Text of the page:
As I mentioned in my previous post, I’ve signed up for some new open courses this autumn. Since then, I’ve encouraged my colleagues from the ALT staff team to join the 23things course and we are now embarking on it as a team.
Like many organisations we are always looking for effective ways to provide CPD opportunities around use of technology and I think the course looks like a great way to meet that need. Given that we are a small, distributed group a course that is wholly online and has some flexibility as to when and how you learn seems ideal.
As we want to take part as a team, we have set up some additional “taking part” support, including adding a discussion about our experiences to our weekly team meetings and a shared Google folder and doc “scratchpad” for everyone. While we are taking part in an open course I also want to create a safe space for everyone to experiment and share their views without them being public.
So, I am joining in with this first post about what I’d like to gain from the course and also some reflections on the social media guidelines that we follow:
First, social media guidelines: that’s something I think about quite a lot and as well as the guidelines of our host institution we publish our own policies governing our different platforms. Some of us are very active on social media, others less so – but events and membership activities are increasingly finding their voice on different platforms. So, as well as developing various digital literacy skills, the course will provide an opportunity for us to talk about our approach to social media as a team. I found Eric Stoller’s talk at the Jisc Digifest very inspiring on this topic.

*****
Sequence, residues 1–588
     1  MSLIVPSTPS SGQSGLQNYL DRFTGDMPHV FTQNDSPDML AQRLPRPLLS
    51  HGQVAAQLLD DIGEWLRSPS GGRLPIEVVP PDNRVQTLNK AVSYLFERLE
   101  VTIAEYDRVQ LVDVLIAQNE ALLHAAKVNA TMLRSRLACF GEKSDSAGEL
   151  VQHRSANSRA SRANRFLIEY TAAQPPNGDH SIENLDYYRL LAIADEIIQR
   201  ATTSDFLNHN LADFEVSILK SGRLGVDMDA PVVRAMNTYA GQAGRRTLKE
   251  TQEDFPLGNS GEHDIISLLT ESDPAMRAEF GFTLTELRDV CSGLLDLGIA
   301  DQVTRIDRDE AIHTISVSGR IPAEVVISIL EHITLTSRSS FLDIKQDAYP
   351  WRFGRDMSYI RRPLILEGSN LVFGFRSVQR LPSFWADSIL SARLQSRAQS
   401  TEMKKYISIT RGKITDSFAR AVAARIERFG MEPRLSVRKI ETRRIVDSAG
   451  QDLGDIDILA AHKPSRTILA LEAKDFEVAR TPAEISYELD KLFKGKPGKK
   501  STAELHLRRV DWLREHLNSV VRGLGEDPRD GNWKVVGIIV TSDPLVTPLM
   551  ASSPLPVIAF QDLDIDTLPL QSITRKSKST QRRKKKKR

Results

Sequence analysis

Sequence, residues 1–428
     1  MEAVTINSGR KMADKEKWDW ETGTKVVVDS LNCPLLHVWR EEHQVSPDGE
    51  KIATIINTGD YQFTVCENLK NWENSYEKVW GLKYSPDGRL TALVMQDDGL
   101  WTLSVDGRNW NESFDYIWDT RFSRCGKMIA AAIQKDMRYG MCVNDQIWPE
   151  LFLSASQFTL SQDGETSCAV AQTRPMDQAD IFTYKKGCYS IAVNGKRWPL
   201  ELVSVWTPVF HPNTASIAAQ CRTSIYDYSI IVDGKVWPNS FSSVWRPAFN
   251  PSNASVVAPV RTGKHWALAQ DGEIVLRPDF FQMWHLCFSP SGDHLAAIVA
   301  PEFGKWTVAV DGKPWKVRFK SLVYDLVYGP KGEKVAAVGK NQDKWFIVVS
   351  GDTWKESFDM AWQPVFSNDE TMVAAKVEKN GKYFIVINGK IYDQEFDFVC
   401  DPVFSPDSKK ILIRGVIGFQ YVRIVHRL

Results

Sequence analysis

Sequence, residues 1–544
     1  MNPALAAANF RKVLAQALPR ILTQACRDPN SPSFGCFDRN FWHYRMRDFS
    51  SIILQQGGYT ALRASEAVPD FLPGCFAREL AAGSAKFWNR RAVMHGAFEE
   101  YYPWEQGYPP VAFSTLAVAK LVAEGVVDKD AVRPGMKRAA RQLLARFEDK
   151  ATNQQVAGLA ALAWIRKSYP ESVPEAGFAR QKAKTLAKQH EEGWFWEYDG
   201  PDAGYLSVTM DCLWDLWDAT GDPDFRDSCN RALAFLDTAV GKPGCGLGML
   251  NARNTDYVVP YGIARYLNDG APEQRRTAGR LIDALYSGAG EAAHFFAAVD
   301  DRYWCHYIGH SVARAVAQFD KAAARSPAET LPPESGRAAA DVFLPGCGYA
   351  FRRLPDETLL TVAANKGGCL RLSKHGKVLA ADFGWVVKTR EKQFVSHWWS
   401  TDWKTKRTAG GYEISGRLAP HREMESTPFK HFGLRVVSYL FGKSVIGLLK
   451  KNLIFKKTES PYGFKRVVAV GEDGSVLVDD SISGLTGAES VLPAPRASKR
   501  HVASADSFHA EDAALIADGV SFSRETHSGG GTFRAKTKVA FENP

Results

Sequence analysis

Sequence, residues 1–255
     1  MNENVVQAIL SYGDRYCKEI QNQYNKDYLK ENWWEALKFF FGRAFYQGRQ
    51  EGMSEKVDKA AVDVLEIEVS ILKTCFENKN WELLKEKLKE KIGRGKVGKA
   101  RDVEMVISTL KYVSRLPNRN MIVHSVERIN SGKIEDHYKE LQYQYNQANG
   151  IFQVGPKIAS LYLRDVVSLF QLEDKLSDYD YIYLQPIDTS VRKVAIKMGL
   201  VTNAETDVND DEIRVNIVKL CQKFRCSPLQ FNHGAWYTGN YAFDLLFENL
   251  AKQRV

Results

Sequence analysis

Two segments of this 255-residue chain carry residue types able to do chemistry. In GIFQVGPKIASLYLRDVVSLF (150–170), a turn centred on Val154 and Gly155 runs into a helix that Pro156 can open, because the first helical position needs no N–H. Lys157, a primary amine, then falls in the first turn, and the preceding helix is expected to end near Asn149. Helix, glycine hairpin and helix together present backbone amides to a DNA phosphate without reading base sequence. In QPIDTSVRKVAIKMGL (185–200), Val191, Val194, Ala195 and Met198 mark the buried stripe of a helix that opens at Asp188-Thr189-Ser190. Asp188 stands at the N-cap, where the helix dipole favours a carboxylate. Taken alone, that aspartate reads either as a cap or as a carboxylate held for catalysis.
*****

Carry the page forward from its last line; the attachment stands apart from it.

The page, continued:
Secondly, what do I hope to get out of the course? Learning new things is definitely the top aim, but this time round I hope we can learn something new together. In our organisation we move very quickly from one project to the next and sometimes there isn’t enough time to enjoy the process of finding a solution to a problem or implementing something new. I hope the course will provide a way for us to share more of that experience.
Open/closed? I have thought quite a bit about writing this post, because in the past when I have shared my practice openly I haven’t written directly about the colleagues I work with daily. There is a lot to consider when you share your practice openly and my own participation should support and contribute, not hinder anyone else’s progress. So I think the approach I will take is not to write about anyone’s personal experience or journey – or at least not without their express permission. I won’t share anything unless it is already in the public domain (and intentionally so) and with my colleagues’ consent. And I will contribute, just like my colleagues, in our internal spaces as well as this more public forum.